Queen of the Desert

Wednesday, 1 June, 2016

2 stars
Queen of the Desert scene

Born in England in 1868, Gertrude Bell spent the early decades of the twentieth century travelling across the Middle East, in what is now Turkey, Lebanon, Israel, Syria, Iran, and Jordan. She was a writer, archaeologist, and explorer, and was much respected by both the British, and the peoples of the region. She also played a part in establishing latter day Iraq and Jordan.

In Queen of the Desert, trailer, the Werner Herzog (“Invincible”, “Cave of Forgotten Dreams”) made depiction of her life, she is portrayed by Nicole Kidman. Bell is desperate to flee the clutches of her stifled upper class life, and leaps at the opportunity to leave, when her father (David Calder) offers to send her to stay in Tehran with her uncle, the British ambassador.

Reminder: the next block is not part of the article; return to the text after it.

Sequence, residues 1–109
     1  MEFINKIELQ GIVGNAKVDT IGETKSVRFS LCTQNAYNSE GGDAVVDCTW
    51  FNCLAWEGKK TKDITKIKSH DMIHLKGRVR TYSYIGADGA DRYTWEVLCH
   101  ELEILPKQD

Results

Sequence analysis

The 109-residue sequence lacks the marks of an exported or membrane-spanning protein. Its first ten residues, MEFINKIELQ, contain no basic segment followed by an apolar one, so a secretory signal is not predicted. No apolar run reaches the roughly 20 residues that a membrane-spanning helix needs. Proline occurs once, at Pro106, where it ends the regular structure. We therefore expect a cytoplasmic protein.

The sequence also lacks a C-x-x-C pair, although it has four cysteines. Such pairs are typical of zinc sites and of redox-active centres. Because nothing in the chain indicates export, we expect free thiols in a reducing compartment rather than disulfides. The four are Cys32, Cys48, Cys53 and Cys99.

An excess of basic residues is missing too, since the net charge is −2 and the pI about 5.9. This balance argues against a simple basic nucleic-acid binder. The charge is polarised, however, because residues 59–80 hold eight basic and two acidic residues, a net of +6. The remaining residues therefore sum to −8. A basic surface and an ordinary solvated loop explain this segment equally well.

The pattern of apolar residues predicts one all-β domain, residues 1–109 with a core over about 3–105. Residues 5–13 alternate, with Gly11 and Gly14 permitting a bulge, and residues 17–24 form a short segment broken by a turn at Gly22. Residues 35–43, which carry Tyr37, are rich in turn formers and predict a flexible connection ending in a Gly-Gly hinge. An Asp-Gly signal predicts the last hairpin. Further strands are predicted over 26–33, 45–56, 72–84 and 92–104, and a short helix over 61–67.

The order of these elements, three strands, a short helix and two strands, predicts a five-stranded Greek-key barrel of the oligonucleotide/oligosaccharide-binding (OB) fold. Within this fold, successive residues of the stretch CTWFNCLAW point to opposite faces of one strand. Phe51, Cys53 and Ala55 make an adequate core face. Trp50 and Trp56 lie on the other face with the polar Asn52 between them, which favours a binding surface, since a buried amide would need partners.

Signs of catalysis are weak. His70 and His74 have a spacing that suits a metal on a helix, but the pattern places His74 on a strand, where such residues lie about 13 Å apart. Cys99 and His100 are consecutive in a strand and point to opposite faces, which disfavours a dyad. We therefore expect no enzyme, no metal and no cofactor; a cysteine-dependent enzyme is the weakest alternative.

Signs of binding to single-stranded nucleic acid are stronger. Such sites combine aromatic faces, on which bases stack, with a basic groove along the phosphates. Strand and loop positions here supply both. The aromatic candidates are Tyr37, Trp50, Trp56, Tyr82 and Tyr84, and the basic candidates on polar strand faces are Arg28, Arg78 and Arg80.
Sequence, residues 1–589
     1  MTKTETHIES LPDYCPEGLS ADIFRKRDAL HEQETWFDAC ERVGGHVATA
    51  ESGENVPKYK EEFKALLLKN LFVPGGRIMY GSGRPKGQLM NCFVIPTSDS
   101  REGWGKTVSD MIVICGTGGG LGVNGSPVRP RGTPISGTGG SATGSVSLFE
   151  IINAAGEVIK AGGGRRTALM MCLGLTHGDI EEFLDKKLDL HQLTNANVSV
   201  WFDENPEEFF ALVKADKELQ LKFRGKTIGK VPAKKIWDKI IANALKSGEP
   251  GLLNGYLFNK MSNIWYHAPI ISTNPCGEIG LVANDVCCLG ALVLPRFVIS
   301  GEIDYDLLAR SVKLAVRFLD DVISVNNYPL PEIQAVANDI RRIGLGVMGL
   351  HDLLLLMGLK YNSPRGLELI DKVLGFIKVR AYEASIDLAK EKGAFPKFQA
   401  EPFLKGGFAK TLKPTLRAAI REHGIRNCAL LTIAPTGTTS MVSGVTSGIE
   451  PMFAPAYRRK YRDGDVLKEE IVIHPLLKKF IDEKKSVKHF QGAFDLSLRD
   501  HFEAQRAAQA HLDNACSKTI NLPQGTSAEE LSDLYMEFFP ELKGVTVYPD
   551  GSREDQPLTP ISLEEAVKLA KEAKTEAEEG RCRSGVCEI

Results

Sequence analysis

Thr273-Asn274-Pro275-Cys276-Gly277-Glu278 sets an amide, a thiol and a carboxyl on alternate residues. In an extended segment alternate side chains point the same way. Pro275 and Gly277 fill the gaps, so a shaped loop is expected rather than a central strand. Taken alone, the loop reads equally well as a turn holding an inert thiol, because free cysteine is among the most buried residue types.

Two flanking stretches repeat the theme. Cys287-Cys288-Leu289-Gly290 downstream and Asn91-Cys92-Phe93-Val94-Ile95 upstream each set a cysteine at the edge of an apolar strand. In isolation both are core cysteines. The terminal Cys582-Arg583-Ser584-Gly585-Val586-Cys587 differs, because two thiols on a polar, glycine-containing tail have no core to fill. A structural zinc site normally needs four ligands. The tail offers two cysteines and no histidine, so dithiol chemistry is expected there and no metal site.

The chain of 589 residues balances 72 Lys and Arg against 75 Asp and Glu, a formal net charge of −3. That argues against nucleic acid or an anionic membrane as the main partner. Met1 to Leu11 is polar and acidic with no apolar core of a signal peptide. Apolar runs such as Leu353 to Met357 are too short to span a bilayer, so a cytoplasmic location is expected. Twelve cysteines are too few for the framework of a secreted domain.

Upon arriving, Bell is soon enamoured by the free-spirited way of life in the Middle East, and sets her sights on seeing as much of the area as possible, plus meeting the local inhabitants, and their tribal leaders. She also catches the eye of several British military and diplomatic personnel, including Henry Cadogan (James Franco), and T.E. Lawrence (Robert Pattinson).

Despite the enthralling subject matter, Queen of the Desert fails to excite, and is little more than a perfunctory re-counting of Bell’s exploits in the Middle East. Kidman’s performance is competent, as is Pattinson’s small turn as Lawrence of Arabia. In the end though, audiences will find themselves uncertain as to what sort of film Herzog was trying to make.

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